Since the release of Yulia Tymoshenko there are no political prisoners in Ukraine. The elections in Ukraine were genuine and “ in line with international commitments and with a respect for fundamental freedoms in the vast majority of the country.”
Here are some more quick facts, this time about Russian “anti-fascists” in Eastern Ukraine
Oleg Tsarev, the pro-russian oligarkh in Donbass, introduced the new
flag of Novorossiya. The same flag is heavily used by neo-Nazis in
Russia and is called “imperka,” meaning the imperial flag (check out
the armbands, and balaklavas.)
A majority of
separatists fighting in Ukraine are in fact Russian neo-Nazis with no prior connection to the
region. Their warlords are Russian nationals, too (Aleksander
Borodai, Igor Strelkov and Babai, to name a few). None of them visited
Donbass before the war.
Dmitry Rogozin, now the Deputy PM of Russia in charge of the defence
industry, was elected as a member of the ultra-xenophobic “Rodina”
(motherland) party. Check out his political ad from 2005 (make sure you
enable the captions.)
Scared of the nationalist “Svoboda” party in Ukraine? Sure, they are some
pretty bad guys. But check out Vladimir Zhirinovsky, a leader of the
Russian ultra-nationalist LDPR party and a deputy speaker of Russia’s lower
house of parliament. Just few days ago he promised to “wipe out Poland and the Baltic states.” He
advocated reducing the birth rate among ethnic minorities by imposing
a penalty for the birth of a third child. And he was also a close friend of Saddam Hussein. In the last
parliamentary election in Russia his party won twice the share of seats
“Svoboda” has in Ukraine.
Just in case you
want to know more, there is a great documentary about him: “Tripping with Zhirinovsky.”
A civil war is by
definition not a foreign attack. In Ukraine, Russian troops fight with Russian weapons under Russian
warlords against Kyiv government. What happens in Ukraine is not a
civil war, it’s a Russian invasion.
Some quick facts about the
allegedly “fascist” government in Kiev
know the bill that everyone is talking about, that supposedly
“revoked Russian language rights” in Ukraine? It has never been signed into law.
The Law on Education grants Ukrainian families(parents and their children) a
right to choose their native language for schools and studies.
There are 8,334,141 Russians living peacefully in Ukraine. It is
Ukraine’s largest minority. There are 1,154 schools available to them where
all the instructions are provided in Russian. In most other Ukranian schools Russian is taught as the
There are 1,927,888 Ukrainians living in Russia, the
second-largest minority after the Tatars. Do you know how many schools are
available to them in Russia? None. Zero. There are no schools with
instructions on Ukrainian. There are just Sunday schools, all 15 of them.
Furthermore, Russia banned Ukrainian language from schools in
Crimea. This was literally the first thing they did.
There is no “fascist” government in Ukraine. In the Ukrainian presidential election of 2014,
nationalists generated an embarrassing 1 percent of the vote for Oleh
Tyagnibok of ultra-nationalist Svoboda Party, and less than 1 percent for
Dmitry Yarosh of the new Right Sector party that sprung up during the
protests. Tyagnibok and Yarosh together received fewer votes than Vadim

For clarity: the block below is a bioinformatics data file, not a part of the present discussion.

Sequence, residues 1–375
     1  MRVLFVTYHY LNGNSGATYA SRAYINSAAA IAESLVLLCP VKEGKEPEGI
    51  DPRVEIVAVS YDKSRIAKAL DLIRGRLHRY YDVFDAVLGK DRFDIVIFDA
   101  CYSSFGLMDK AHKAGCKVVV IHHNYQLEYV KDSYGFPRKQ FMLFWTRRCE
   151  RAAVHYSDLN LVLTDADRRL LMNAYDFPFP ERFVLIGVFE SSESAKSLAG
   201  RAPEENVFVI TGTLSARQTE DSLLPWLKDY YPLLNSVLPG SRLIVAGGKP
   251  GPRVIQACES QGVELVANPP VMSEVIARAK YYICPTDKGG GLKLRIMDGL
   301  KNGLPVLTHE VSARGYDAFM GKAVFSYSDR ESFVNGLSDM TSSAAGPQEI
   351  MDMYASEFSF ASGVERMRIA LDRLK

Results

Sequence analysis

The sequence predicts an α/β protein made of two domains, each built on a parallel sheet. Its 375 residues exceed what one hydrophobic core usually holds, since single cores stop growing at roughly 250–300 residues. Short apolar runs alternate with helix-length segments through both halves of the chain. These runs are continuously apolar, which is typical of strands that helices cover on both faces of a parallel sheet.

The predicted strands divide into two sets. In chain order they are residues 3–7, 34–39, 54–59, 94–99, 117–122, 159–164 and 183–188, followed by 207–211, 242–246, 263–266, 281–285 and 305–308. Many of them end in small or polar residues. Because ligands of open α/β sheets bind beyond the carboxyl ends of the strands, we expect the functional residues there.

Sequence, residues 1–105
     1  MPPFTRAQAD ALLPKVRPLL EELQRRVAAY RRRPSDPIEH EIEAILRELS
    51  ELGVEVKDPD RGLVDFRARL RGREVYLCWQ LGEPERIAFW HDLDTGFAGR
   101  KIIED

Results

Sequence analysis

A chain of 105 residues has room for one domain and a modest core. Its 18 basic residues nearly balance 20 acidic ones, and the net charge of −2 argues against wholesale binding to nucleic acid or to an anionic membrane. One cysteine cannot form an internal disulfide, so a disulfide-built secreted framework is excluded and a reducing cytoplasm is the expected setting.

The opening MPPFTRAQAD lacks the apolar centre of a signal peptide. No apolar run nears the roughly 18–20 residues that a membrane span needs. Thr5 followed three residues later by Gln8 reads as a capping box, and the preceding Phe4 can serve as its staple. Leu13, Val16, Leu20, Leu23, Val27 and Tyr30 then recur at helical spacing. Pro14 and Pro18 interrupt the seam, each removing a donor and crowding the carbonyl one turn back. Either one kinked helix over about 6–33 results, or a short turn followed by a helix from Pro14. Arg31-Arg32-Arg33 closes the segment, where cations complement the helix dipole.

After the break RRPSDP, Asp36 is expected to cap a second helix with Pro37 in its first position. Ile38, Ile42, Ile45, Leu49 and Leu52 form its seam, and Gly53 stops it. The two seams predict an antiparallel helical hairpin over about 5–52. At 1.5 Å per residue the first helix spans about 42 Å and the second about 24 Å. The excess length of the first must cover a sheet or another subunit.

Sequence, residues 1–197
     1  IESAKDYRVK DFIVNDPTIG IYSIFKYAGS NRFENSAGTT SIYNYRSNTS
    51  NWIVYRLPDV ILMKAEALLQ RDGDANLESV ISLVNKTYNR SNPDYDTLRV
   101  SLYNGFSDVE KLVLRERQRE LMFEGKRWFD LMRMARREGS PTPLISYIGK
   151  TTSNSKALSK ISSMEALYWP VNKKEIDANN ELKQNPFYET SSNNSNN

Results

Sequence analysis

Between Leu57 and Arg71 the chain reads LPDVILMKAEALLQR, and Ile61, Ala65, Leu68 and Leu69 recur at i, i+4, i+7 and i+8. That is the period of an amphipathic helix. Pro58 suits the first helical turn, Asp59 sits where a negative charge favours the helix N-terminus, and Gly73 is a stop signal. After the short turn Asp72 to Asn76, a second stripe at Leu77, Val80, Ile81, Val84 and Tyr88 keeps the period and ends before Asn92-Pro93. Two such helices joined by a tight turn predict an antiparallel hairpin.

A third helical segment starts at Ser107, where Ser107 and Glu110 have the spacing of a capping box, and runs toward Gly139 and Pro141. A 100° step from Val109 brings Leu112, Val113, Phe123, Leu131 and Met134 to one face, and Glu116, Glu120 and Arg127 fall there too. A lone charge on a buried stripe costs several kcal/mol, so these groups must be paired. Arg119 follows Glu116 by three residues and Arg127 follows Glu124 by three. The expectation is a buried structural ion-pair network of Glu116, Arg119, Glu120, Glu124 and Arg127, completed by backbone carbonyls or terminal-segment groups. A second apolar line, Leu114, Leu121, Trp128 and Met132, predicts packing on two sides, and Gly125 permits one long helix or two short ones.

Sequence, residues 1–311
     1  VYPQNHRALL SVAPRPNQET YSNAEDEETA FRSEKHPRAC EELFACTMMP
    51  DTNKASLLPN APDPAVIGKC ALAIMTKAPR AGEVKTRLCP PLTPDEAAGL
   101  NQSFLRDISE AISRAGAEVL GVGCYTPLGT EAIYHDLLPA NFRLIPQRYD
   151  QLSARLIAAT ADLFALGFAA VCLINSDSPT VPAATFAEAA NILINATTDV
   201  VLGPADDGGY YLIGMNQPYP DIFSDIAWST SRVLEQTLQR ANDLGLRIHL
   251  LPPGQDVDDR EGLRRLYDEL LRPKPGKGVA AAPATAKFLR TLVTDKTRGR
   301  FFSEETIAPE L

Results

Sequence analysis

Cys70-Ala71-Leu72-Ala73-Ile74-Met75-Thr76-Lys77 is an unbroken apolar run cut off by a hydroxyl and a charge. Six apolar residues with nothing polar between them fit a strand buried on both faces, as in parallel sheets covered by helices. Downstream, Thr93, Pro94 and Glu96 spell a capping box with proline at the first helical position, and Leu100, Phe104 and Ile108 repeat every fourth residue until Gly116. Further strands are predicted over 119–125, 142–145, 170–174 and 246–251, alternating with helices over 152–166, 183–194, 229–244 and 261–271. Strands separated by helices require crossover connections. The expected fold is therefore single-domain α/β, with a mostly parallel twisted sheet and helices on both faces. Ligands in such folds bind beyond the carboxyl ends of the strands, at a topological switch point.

Rabinovich, a Jewish candidate who captured a little over 2 percent of the
Quick facts about the Crimean occupation
Putin admitted that Russian troops took over Crimea, removing any doubt that it was an occupation and not a popular uprising.
The same kind of referendum Putin staged in Crimea is illegal in Russia. Public calls for actions violating the territorial integrity of the Russian Federation are punishable by 4 years in prison. Putin systematically bans Siberian independence marches, and blacklists every news outlet that dares to mention it — making Russia a kind of Hotel California of nations.
Crimean Tatars enjoyed an autonomy within Ukraine. But since Russia annexed Crimea the deportation of Tatars resumed. Leaders of Crimean Tatars are labelled ‘extremists,’ and banned from returning home. More here.
These are the facts about Putin’s Crimea.
Nothing like this happened when Crimea was part of Ukraine.
What I argue is that if you consider the facts, you will see that Russia fits the description of a fascist state much better than Ukraine.
But what upsets me the most is not that western libertarians are defending Russian aggression, but that they are defending lesser freedom as well. Ukraine may be a weak state, but it’s also less oppressive — something libertarians should sympathise with.
Sure, Ukraine has its problems and it’s far from being a libertarian utopia. But Ukraine has freedom of speech and free elections, something Russia lost a long time ago. People of all creeds and religions are left to their own devices, something banned in Russia. And gays are protected by the anti-discrimination laws, the opposite of things is Russia. It’s not much, but it’s much better than what Russia has to offer, and vastly better than what Putin has been delivering by force in eastern Ukraine.
I hope this post will allow fellow libertarians in the west to see through Russian propaganda a little bit better. Should you be interested in a more in-depth information about the Russian attack on Ukraine, check out this excellent report by Andrei Illarionov.
Mikhail Svetov has been a member of the Libertarian Party of Russia since 2010.